The hybrid or elevated form of religion, in this case, appears in the form of a harmonious synchronization of a man who serves God and is in love with a woman. To achieve this synthesis, Don Luis sought the help of his father on confessing his intentions towards Petita. Whereas a life of priesthood would have confined him to the service of God, a synthesis of serving God and falling in love not only ushers him to an alternative form of faith and religion, but also transforms him into a macho man. Using personal views, Juan attempts to justify that indeed humankind was called to abide by the alternative form of priesthood and religion as one is able to have a hold of the two worlds both the mystical and secularized (Labanyi 37). This is likewise evident in present-day society whereby some men who ascribe to the Christian faith have shown that it is indeed possible for a man to serve God and still fall in love. This elevated form of faith seems to, however, be restricted to the Christian faith as men who are called to priesthood in other religions seem to subscribe to the conventional form of priesthood where priests were required to practice celibacy. This is particularly evident in the contemporary Catholic Church where the Pope, Catholic Fathers, and nuns still uphold celibacy.
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In a patriarchal society, Juan attempts to show the conflict that arises between spirituality and patriarchy. At the time, it was believed that men who had successfully completed the rite of passage to manhood had to display certain traits. In this regard, they were required to conduct themselves in a particular manner and were to display specific traits that were evident in their macho nature. For instance, they showed familiarity with the secularized world and were expected to skillfully horseback ride, an activity that is identifiable with men who had come of age. The case of Don Luis, however, is conflicting. On the one hand, his dedication to monastery restricts him from certain activities that are viewed as defilement to his relationship with God. Still, there is much expected of him by his father who regards him as his heir following his father’s decision not to remarry. Spirituality dictates that Luis should live an exemplary life as inspired by previous saints such as Saint Chrysostom who was known for his works and sayings where he encouraged first-time seminaries to have clarity of purpose when entering the monastery. To achieve such, one was to rid himself of worldly desires and maintain a purely spiritual attitude towards life to lead a life that was distinct from the secularized world. For instance, instead of riding a spirited horse, those who aspired to the priesthood were expected to ride on placid mules. Arguably, this was a portrayal of a Christ-like character as Christ similarly used the mule in his missions. Likewise, where seminaries were not to associate in mortal pleasures such as duels and flirting with females, macho men were expected to be skilled swordsmen as men were protectors of the family (Pasture, Art and Buerman 48). Also, swordsmanship was a necessary skill for men who were often challenged to duels where they would defend their honor and that of their families. Lacking these two requisite skills, Luis was in the society’s eyes less of a macho man.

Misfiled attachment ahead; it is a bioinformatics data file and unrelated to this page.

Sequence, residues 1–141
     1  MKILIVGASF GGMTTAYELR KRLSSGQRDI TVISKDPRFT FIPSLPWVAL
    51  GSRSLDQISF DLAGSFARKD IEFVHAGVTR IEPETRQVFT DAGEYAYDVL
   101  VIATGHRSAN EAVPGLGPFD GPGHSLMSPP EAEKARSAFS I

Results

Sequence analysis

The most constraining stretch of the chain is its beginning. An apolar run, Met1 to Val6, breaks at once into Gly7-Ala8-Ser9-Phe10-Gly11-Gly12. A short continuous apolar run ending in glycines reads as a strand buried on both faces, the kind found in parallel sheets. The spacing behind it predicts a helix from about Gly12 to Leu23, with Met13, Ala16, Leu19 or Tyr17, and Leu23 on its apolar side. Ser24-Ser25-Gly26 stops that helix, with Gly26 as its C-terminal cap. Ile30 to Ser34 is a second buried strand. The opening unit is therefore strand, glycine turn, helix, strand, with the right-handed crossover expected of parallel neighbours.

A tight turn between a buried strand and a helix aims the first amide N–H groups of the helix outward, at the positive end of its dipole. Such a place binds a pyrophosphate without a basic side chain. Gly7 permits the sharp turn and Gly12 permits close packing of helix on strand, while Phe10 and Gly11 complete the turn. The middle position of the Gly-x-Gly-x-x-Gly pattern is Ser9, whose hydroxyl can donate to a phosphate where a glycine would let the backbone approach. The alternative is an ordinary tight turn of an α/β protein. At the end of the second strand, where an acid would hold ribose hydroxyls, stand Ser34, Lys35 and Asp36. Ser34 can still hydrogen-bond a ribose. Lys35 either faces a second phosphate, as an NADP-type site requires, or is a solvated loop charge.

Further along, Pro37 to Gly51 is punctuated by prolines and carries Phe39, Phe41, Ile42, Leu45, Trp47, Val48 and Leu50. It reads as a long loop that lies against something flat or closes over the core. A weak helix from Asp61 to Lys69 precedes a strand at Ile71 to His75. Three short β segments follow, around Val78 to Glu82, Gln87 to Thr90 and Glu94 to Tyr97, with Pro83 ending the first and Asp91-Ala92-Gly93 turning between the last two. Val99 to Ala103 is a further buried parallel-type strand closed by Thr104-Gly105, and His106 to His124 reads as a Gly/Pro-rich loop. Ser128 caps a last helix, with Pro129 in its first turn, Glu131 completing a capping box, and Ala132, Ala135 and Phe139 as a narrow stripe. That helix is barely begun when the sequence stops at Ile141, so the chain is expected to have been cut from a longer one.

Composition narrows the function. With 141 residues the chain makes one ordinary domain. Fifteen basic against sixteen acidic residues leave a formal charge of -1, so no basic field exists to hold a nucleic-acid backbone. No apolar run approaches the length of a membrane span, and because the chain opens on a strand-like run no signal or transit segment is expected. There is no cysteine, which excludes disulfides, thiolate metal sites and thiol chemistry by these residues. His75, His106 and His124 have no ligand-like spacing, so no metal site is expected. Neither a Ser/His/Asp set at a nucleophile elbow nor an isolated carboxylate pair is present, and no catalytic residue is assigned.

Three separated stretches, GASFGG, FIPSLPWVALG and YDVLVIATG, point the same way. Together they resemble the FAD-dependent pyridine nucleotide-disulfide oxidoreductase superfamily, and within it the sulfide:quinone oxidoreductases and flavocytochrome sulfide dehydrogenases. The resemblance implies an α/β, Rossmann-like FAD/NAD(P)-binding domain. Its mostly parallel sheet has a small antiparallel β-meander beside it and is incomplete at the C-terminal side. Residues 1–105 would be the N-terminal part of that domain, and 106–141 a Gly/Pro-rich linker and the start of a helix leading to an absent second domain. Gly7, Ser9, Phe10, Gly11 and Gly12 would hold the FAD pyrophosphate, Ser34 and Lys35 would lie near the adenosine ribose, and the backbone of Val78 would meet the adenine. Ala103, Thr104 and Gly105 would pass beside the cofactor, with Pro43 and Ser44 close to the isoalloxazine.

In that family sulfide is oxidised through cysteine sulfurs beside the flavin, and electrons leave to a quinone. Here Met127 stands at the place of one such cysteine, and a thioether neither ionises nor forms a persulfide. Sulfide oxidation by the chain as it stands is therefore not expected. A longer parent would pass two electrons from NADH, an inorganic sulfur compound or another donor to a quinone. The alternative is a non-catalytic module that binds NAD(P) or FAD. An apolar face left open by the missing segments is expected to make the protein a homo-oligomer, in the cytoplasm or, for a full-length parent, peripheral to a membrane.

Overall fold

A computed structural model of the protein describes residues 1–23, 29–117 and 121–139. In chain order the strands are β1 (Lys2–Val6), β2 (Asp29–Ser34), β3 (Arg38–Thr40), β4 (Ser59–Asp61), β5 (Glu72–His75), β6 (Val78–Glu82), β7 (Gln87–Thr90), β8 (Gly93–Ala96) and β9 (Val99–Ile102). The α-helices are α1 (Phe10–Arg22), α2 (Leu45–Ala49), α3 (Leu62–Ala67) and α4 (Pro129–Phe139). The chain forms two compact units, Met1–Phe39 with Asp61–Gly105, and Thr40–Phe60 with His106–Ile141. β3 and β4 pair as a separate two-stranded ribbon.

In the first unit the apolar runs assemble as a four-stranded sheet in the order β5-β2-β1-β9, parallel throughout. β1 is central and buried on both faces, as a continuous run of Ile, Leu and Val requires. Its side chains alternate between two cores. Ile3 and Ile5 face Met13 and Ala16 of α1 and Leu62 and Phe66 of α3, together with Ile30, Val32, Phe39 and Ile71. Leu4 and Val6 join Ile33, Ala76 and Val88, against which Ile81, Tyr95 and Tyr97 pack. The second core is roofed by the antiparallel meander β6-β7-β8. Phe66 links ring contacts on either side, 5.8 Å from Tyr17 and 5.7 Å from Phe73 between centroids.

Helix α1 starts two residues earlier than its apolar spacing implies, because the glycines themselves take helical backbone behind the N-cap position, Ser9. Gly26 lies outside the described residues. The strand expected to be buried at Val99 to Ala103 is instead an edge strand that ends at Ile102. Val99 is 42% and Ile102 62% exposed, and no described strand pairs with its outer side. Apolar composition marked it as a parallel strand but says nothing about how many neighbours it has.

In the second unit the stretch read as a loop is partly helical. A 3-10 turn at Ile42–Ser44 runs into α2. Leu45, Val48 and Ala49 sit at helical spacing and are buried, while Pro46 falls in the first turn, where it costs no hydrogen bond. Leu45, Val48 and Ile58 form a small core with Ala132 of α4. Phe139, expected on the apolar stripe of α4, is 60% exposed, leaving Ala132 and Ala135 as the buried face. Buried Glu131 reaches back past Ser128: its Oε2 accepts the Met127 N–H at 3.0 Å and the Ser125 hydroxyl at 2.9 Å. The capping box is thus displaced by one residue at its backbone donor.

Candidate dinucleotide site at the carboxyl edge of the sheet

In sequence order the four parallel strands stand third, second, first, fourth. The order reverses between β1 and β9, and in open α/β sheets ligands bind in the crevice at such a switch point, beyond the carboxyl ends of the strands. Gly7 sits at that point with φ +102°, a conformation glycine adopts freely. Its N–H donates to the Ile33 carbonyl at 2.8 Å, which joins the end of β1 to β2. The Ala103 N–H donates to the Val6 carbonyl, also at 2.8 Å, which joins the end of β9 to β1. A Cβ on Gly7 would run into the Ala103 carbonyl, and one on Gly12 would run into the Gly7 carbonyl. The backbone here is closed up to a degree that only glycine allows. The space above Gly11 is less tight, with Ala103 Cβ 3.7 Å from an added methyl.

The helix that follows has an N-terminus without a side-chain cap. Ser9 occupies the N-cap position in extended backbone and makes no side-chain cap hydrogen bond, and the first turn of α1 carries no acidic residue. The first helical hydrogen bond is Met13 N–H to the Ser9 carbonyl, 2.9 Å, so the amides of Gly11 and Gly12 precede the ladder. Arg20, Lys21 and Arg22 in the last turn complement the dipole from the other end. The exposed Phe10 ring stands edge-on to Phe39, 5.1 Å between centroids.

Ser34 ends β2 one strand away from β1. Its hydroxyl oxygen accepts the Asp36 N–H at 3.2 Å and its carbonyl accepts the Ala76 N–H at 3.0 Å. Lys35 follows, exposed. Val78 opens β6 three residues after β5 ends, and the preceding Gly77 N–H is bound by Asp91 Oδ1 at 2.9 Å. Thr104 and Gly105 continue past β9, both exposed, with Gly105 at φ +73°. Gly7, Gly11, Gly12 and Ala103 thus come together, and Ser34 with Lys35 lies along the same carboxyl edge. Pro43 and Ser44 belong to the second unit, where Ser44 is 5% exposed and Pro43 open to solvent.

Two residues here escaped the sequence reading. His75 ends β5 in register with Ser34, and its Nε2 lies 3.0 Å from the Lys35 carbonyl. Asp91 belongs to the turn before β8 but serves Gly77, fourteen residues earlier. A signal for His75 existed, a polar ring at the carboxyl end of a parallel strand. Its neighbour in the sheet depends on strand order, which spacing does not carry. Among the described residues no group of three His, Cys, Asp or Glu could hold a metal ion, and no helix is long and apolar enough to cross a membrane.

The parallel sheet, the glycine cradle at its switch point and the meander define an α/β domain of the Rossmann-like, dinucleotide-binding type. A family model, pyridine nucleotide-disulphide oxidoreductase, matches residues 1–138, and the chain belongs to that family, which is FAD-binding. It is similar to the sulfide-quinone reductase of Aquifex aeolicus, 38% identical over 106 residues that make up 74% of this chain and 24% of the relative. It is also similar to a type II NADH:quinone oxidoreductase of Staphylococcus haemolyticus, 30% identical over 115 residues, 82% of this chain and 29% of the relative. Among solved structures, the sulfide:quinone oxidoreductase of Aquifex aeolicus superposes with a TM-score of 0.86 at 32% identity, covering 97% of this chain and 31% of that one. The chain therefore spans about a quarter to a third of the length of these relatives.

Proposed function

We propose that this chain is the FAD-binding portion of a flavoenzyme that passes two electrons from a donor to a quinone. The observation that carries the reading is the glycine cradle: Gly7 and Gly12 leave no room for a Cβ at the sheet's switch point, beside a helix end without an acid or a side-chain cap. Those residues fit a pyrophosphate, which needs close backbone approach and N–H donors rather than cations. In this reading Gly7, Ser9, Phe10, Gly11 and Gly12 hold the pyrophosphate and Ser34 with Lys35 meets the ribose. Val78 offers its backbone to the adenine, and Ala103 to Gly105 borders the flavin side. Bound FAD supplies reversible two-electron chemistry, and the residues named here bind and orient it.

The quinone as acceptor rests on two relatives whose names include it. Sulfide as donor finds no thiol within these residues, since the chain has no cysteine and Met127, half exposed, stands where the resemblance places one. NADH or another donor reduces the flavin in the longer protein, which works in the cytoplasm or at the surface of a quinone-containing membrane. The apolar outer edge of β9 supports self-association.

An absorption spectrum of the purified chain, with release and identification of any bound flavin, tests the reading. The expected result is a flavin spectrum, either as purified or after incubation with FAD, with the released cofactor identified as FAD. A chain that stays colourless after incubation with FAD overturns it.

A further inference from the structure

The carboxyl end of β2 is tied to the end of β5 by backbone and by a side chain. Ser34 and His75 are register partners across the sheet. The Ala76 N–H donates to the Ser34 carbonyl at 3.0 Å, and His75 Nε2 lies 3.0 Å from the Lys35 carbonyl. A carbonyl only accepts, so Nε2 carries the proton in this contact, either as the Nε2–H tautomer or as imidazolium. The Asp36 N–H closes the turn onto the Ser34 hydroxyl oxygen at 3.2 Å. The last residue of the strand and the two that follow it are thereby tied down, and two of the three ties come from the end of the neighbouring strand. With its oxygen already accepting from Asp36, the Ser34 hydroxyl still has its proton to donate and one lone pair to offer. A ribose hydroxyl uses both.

It is only after his encounter with Pepita that he begins to question the faith that he has for so long held on to. He begins to question whether or not there could be an alternative or hybrid form of religion that could allow him to maintain his relationship with God and still become a macho man. Don Pedro is the first to note Luis’ predicament, and he laments to himself that though his son is an educated young man, he has little knowledge of life. As such, he decides to oversee Luis’ tutelage by personally instructing him in horsemanship and swordsmanship- skills that he believes are pertinent in converting him to a complete missionary. In support of his viewpoint, Don Pedro cites the example of Saint James whom he confirms that he was able to convert souls while riding on the back of a horse with the power of a sword. Later on in the text, Luis is able to put his swordsmanship to task as he challenges one Genazahar to a duel when he ill-speaks about Pepita who has turned down his proposal for marriage. Luis emerges the winner in the duel and is able to save both his and Pepita’s honor. Following his victory, Luis is now differently perceived by others in the society as men attest to his macho nature and the females begin to sworn after him.